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Written by Robert Sheriff , MS, CIH, CSP and Henry P. Shotwell, PhD, CIH, Vice President
November 5, 2018
There has been a lot of talk recently about extremely toxic chemicals produced by molds, called mycotoxins. Testing/sampling and remediation companies, looking to make a fast buck, use the purple-est of prose in their advertising, hoping to separate you from your money. These advertisements have a grain (no pun intended) of truth in them, but are slanted to plant the seeds of fear in your mind. Three of the most commonly encountered mycotoxins are produced by Streptomyces griseus, better known as Streptomycin; Claviceps purpura, better known as Lysergic Acid Diethylamide or LED and Penicillium chrysogenum which produces penicillin.
Many other mycotoxins such as aflatoxins, satratoxins, trichothecenes, trichoverrols and many others, are indeed extremely toxic: by ingestion or infection, not by inhalation. Russia, in the late 19th century, again in 1928 and in the late 1940’s saw an epidemic of diseases among poultry, pigs, horses and other livestock that had eaten highly mold-contaminated grains. These animal deaths were studied extensively and shown to have been caused by certain mold secondary metabolics: mycotoxins-again the route was ingestion not inhalation.
It has been suggested that adverse health effects can be caused by inhaling mycotoxins produced by molds contaminating homes, offices, and schools. To test this hypothesis, Bruce J. Kelman, Coreen A. Robbins, Lonnie J. Swenson and Bryan D. Hardin published a research article in the International Journal of Toxicology (Jan. 2004, Volume 23, #1: pages 3-10) entitled “Risk from Inhaled Mycotoxins in Indoor Office and Residential Environments.” These authors noted that the epidemiologic evidence has so far been unable to show a cause and effect relationship between indoor mold and (non-allergic) toxic effects in humans. They calculated the maximum possible dose of mycotoxins that could be inhaled in 24 hours of continuous exposure to a high concentration of mold spores containing the maximum reported concentrations of aflatoxins B1 and B2; satratoxins G and H, fumitremorgans B and C, verruculogen and trichoverrols A and B. These calculated doses were then compared to the effects known to be caused by each of these mycotoxins.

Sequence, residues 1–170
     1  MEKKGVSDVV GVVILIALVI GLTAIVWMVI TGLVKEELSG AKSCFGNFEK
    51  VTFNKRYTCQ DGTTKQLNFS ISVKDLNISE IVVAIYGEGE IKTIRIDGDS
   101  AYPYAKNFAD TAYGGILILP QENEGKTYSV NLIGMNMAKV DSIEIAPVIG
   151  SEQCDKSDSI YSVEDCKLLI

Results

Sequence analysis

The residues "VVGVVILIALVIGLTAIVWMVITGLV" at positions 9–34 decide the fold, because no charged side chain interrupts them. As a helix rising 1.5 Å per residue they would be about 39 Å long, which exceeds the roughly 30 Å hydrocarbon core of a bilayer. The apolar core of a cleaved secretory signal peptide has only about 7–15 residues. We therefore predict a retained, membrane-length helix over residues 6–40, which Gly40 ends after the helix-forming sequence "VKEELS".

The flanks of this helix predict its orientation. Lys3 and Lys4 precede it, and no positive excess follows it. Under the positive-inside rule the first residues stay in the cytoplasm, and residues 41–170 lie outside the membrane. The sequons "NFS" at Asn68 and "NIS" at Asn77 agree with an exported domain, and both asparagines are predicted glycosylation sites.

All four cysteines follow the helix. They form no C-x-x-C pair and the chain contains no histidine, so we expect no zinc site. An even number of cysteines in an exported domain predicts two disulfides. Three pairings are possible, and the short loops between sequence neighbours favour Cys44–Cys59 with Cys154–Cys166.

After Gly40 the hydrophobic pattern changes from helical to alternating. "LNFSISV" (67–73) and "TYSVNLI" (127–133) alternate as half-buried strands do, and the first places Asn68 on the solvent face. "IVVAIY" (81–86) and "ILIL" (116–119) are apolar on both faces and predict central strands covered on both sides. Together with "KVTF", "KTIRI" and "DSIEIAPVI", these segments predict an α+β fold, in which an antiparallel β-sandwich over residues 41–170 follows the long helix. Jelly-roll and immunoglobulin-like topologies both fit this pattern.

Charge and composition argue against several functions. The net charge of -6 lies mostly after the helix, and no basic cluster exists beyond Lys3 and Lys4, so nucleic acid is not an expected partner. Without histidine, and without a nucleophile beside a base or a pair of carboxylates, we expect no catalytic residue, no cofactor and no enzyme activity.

None of these calculated mycotoxins doses were high enough to cause any adverse effect. The model showed how inefficient the delivery of mycotoxins is, when mold spores are inhaled. The authors concluded that illness in humans caused by inhaling mycotoxins in home, school or office is most unlikely.
Jarvis & Miller, wrote in Applied Microbiology and Biotechnology (Applied Microbiol. Biotechnol. 2005 Jan; 66 (4): 367-72) “Mycotoxins as harmful indoor air contaminants,” state that the principal mycotoxins that contaminate food and feed (aflatoxins, fumonisins, ochratoxins A., deoxynivalenol and zearalenone) are rarely if ever found in indoor environments.
Robbins, et. al., in Volume 15, Number 10 of the Applied Occupational and Environmental Hygiene Journal of 2000 also found that current literature “does not provide compelling evidence that exposure (to mycotoxins) at levels expected in most mold-contaminated indoor environments is likely to result in measurable health effects.” Although the authors caution that case reports can’t be used to determine causation for an environmental agent, they state that such reports can be useful to identify the need for further investigation. They then present several anecdotal reports of development of symptoms after exposure to massive amounts of mold. The reports suggested mycotoxins as a cause of the symptoms. In all cases, the patients recovered rapidly once the exposure ended.
So, what does all this mean? Lurid headlines warning of the extreme dangers of mycotoxins are probably right if you’re a Russian horse about to eat mold-contaminated grain. But if you’re a homeowner concerned about breathing mycotoxins or a worker in an office, all the evidence says you would have to have so much mycotoxin-producing mold in the air that it would look like a dust storm. And even then, you could expect to get nothing worse than flu-like symptoms which would go away after exposure is stopped. Mycotoxins are not likely to be a problem for you. At the most, individuals whose systems are already compromised due to illness (such as cancer) or taking autoimmune suppressors such as for a heart transplant may have a slightly increased risk of illness due to mycotoxins.
For all the hype about “toxic molds” and mycotoxins there is little, if any, evidence that a homeowner, apartment dweller or office worker could suffer disease from inhalation of a mold that produces a mycotoxin.
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